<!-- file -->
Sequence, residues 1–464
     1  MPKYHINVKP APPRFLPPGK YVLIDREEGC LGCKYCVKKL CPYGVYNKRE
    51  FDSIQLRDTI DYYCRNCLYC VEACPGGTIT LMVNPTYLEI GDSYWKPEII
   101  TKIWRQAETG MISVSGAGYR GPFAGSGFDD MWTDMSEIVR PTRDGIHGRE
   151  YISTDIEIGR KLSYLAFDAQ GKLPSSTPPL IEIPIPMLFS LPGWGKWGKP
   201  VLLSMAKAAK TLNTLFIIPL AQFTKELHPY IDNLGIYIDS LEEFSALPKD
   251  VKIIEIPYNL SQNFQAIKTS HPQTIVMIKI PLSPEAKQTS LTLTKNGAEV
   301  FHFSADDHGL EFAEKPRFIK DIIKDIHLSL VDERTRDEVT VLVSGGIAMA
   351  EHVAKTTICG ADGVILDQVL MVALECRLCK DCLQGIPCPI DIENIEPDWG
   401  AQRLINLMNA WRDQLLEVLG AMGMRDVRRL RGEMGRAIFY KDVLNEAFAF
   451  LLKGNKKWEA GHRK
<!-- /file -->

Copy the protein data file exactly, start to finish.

Sequence, residues 1–464
     1  MPKYHINVKP APPRFLPPGK YVLIDREEGC LGCKYCVKKL CPYGVYNKRE
    51  FDSIQLRDTI DYYCRNCLYC VEACPGGTIT LMVNPTYLEI GDSYWKPEII
   101  TKIWRQAETG MISVSGAGYR GPFAGSGFDD MWTDMSEIVR PTRDGIHGRE
   151  YISTDIEIGR KLSYLAFDAQ GKLPSSTPPL IEIPIPMLFS LPGWGKWGKP
   201  VLLSMAKAAK TLNTLFIIPL AQFTKELHPY IDNLGIYIDS LEEFSALPKD
   251  VKIIEIPYNL SQNFQAIKTS HPQTIVMIKI PLSPEAKQTS LTLTKNGAEV
   301  FHFSADDHGL EFAEKPRFIK DIIKDIHLSL VDERTRDEVT VLVSGGIAMA
   351  EHVAKTTICG ADGVILDQVL MVALECRLCK DCLQGIPCPI DIENIEPDWG
   401  AQRLINLMNA WRDQLLEVLG AMGMRDVRRL RGEMGRAIFY KDVLNEAFAF
   451  LLKGNKKWEA GHRK